By Ron Gregory
CHARLESTON — U.S. Senator Jay Rockefeller successfully dispelled rumors of his passing Friday, February 28, during a visit to Christ Church United Methodist in downtown Charleston.
The senator’s pre-arranged meeting at the church was designed to reflect on Rockefeller’s 50 years “of support for West Virginia families.”
When the senior Democrat senator, who is retiring at the end of his current term, walked into the room using a crutch, he chucked at reports earlier in the day that he was “missing.” Internet reports and “tweets” actually announced that the senator had passed away and his alleged death was the subject of constant rumors Friday morning at the statehouse.
A Rockefeller aide said the senator suspected, “some Republican started that story,” although he said Rockefeller had “taken it with a light heart.” The senator did tell the crowd, however, that upon learning he has supposedly “disappeared,” he immediately tried to call his wife, Sharon Percy Rockefeller, was unable to reach her. “I think she knows by now that I’m alive,” he chuckled.
Meeting with his supporters at the church, Rockefeller said a great deal has been accomplished in his 50 years of public service, “but there is more work to do if we are to give all families in the state every possible chance to succeed.”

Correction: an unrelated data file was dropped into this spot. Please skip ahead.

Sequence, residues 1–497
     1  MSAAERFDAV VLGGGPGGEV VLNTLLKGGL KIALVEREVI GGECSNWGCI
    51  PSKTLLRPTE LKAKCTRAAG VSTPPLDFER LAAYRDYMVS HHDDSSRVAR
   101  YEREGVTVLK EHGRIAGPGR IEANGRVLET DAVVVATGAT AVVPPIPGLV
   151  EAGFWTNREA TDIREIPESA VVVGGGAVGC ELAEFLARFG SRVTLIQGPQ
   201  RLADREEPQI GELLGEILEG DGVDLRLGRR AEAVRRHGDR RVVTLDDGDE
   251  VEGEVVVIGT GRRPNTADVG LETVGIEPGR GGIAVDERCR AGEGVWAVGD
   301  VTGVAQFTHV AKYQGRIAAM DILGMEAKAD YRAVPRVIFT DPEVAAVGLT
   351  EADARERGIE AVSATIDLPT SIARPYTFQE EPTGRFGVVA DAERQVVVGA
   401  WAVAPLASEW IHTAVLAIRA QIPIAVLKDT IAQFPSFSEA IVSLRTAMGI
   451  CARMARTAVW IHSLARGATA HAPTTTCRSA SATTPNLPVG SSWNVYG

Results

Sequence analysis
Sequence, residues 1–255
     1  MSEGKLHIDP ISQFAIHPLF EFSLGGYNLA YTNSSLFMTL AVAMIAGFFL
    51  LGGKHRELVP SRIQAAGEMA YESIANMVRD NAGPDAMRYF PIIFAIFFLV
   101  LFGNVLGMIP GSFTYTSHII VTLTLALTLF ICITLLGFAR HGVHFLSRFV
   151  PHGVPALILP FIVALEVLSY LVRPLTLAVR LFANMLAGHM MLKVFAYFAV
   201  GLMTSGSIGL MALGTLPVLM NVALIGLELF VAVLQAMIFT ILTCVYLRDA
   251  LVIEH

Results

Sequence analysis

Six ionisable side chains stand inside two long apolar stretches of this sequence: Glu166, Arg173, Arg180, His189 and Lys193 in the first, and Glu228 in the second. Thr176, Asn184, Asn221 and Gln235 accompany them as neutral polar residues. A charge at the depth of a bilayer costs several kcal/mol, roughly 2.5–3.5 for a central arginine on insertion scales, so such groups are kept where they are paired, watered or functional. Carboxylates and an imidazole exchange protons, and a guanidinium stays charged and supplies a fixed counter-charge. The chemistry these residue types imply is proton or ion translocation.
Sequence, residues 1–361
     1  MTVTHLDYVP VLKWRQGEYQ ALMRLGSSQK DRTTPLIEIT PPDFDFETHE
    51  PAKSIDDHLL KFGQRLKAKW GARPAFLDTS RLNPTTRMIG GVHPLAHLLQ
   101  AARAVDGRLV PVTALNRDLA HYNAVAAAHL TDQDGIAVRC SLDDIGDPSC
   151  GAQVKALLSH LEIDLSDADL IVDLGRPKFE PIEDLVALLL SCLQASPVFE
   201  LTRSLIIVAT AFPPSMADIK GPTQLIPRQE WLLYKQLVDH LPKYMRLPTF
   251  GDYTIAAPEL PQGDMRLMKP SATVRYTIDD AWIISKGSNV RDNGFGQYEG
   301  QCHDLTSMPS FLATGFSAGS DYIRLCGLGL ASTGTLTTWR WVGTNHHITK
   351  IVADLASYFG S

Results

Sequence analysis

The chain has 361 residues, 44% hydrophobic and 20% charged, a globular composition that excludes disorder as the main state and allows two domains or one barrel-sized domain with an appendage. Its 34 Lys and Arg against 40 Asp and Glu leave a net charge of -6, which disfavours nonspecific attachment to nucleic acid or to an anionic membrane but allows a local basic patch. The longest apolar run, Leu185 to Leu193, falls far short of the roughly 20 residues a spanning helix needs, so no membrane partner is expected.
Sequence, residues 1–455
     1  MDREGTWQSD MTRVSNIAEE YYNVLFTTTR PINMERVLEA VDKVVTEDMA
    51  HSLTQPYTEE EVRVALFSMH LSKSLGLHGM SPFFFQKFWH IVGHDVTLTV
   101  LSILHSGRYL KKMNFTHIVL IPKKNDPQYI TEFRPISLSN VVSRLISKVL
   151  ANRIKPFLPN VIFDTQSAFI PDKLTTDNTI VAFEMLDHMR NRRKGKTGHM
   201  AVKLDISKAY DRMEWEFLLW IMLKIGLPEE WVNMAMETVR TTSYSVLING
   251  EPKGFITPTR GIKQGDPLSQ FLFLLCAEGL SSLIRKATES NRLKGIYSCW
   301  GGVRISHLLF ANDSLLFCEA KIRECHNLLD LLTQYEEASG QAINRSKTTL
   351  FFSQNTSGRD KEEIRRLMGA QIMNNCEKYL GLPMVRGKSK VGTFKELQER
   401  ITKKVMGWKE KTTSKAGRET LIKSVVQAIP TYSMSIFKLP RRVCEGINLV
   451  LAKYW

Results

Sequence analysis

During the meeting, supporters noted some of Rockefeller’s pro-family initiatives during his career. Included are the Children’s Health Insurance Program (CHIP), which has provided health care to more than eight million children nationwide; the Earned Income Tax Credit (EITC), which he said puts more money “back into working families’ pockets;” Head Start, which provides early childhood education, nutrition and health care for 7,500 children in the state; Medicaid, which provides health care for half-a-million West Virginians and created 20,000 jobs in the state; and Pell Grants and other college programs aimed at making a college education more affordable.
Rockefeller said since the beginning of his public service career in the Peace Corps and as a VISTA volunteer in southern West Virginia, he has worked “for greater access to education, healthcare and economic security for all West Virginians.”
A panel of public service advocates participated with the senator in the forum.
Ted Boettner, executive director of the West Virginia Center for Budget and Policy, praised Rockefeller’s work. “No one has fought harder and accomplished more in helping working families in West Virginia than Senator Jay Rockefeller,” he said.